Carnegie Mellon University

Integrated Innovation Institute

Engineering + Design + Business

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Medical Emergency Prevention System (MEPS)

How can airlines help passengers prevent medical emergencies?

Long-distance travel, defined as travel ranging from six hours to more than 12 hours straight, can present challenges for passengers with pre-existing health conditions. Often times, individuals who take recurring medications find it difficult to remember to take the right dosage at the needed time, due to the prolonged period of flight and changing of time zones. For diabetics, particularly, missing an insulin injection can cause a range of medical emergencies.

Another health concern that certain passengers may have is deep vein thrombosis (DVT), the formation of a blood clot within a deep vein, which typically occurs in the legs. According to the Centers for Disease Control and Prevention, it is estimated that there are between 300,000 and 600,000 cases of DVT in the U.S. each year. DVT is also twice as likely to afflict individuals with diabetes, a collection of diseases that is estimated to affect 29.1 million people in the United States (both diagnosed and undiagnosed) and 387 million worldwide.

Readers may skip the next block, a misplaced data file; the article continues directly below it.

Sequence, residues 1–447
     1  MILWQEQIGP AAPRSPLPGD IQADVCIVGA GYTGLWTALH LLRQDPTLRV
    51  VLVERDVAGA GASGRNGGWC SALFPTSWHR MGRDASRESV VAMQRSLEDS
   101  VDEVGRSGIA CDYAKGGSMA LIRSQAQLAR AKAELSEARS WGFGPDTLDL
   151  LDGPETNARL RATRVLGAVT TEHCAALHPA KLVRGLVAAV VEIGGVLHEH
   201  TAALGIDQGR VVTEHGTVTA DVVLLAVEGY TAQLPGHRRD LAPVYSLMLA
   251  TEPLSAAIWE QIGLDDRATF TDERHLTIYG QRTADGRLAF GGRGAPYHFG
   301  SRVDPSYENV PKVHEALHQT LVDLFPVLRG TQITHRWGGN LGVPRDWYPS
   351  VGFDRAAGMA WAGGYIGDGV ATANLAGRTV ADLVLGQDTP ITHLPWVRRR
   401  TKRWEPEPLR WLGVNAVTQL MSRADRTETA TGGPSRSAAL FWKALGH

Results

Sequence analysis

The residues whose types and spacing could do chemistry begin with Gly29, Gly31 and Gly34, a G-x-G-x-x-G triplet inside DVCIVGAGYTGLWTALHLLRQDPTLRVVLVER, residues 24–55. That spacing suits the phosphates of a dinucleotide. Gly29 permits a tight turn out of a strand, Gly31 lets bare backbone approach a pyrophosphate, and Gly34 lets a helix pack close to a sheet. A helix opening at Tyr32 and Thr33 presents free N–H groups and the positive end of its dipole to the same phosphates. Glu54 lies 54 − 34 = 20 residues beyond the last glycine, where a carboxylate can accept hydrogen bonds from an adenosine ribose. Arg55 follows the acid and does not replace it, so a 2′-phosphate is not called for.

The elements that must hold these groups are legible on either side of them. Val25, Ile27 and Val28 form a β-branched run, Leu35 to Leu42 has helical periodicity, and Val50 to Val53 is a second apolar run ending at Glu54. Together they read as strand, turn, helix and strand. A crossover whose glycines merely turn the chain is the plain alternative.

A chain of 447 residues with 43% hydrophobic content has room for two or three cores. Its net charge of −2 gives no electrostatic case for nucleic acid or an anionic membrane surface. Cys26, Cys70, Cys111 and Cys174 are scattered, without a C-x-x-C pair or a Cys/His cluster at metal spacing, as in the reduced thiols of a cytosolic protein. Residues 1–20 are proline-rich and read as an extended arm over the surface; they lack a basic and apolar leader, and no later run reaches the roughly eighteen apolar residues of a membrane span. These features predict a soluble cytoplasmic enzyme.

The Solution

By developing new or redesigning current in-flight products and services, airlines can greatly increase their passengers’ ability to prevent medical complications. The rollout of this proposed medical emergency prevention system includes three items -- an EMS collar, compression socks and medication reminders – that will ensure improved circulation in the legs and overall prescription medication compliance.

Compression sock design


Mockup of in-flight notifications & reminders